2007 Preservation Awards

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Pennsylvania State Capitol Building

Harrisburg, PA

AWARD for the complete and painstaking restoration over a 25 year period of this 1906 Beaux Arts National Historic Landmark designed by joseph Huston, including the cleaning of its elaborate murals, and for implementing an ongoing maintenance program to ensure the structure’s future preservation.

Constructed between 1902 and 1906, this Beaux Arts masterpiece was intended by its architect, joseph Huston, as a “palace of art.”  Noted artists were commissioned to execute the extensive murals and sculpture that decorate the building.  Only the finest materials were used, with chandeliers and decorative furnishings custom designed for their location. The grand staircase was modeled after that of the opera in Paris, and the building’s dome after that of St. Peter’s in Rome.

By 1982, however, the building was swiftly deteriorating, and a 25-year restoration program was begun to bring the exterior and interior of the structure back to their original glory.  Utility, life-safety and climate control systems were upgraded throughout the building’s 450,000 square feet.  All of the murals, sculptures and surfaces were cleaned and restored.  Based on extensive historical research and documentation, the painstaking restoration carefully adhered to the highest standards and can serve as a model for other states.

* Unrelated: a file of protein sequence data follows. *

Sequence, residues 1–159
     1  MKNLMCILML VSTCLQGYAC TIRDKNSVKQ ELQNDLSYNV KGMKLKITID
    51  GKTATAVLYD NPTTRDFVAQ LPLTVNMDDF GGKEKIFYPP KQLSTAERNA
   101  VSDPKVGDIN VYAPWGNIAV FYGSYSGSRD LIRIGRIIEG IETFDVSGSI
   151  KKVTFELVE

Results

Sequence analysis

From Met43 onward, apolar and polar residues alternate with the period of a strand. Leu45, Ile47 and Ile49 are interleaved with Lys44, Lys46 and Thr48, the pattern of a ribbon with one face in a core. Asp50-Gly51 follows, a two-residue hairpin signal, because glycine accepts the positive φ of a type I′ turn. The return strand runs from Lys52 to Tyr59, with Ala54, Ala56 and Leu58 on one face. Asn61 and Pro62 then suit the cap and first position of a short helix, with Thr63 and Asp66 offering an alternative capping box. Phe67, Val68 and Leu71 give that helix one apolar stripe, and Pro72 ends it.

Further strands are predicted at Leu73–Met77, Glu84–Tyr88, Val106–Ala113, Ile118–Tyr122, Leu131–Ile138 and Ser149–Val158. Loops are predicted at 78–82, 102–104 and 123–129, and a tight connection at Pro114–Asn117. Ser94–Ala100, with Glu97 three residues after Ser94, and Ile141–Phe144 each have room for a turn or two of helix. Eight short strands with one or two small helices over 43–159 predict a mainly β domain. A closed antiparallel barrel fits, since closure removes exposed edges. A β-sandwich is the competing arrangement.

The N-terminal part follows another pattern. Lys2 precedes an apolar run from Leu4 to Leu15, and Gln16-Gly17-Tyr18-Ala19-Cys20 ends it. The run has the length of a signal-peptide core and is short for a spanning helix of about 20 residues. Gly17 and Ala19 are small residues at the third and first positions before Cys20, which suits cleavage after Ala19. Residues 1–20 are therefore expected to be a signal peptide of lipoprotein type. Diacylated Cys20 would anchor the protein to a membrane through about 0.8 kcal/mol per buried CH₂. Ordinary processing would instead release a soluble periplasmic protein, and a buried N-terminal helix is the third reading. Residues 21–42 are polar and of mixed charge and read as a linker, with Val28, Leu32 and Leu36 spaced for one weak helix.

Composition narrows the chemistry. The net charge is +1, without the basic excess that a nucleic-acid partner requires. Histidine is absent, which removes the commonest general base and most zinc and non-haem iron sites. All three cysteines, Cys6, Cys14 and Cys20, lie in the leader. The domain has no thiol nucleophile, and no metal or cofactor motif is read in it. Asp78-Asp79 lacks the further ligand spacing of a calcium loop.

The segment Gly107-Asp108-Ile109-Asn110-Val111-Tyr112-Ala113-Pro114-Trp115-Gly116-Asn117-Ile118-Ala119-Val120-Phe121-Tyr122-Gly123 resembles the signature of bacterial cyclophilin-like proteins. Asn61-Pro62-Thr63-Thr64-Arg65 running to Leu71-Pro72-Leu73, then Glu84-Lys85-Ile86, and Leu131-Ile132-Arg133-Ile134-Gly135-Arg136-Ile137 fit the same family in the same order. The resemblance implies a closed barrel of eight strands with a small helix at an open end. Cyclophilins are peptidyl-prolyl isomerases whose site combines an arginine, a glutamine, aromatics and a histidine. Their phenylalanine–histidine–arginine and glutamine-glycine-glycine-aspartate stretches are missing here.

Website:http://cpc.state.pa.us/main/cpcweb/


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Leland Stanford Mansion

Sacramento, CA

AWARD for the sensitive restoration of the exterior and interior of this landmark 1872 Second Empire mansion, complemented by original and period furnishings, which is now open for public visitation but has also been adapted for use in state receptions.

This home was purchased by Stanford in 1861 and in 1871-72 was enlarged in the Second Empire Style to reflect his status as governor of California.  Almost tripled in size, the additions included a billiard room and a vast ballroom and were stylishly furnished.

In 1902, Mrs. Stanford donated the home to the Catholic Church for an orphanage, and it was used by the church for institutional purposes until 1985, by which time it has been purchased by the State of California.  Utilizing historic 1872 photographs, the interior was restored with original and appropriate period furniture.  Systems were upgraded, and all work was reviewed by numerous city, state and national agencies.  The mansion is now open for public visitation and also serves as a venue for official state receptions.

Website:  http://www.stanfordmansion.org/


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Union Station

Springfield, IL

AWARD for the rehabilitation of this 1898 Romanesque Revival train station designed by architect Francis Bacon, and in particular for the reconstruction of its 150-ft. tower and for its adaptive reuse as the visitors’ center for the Abraham Lincoln Library and Museum.

The magnificent 150-foot clock tower of this Romanesque Revival building, constructed in 1898, was removed in 1946 in a program to “modernize” the structure.  After disuse as a train station, the building was converted into a shopping mall and subsequently fell into disrepair.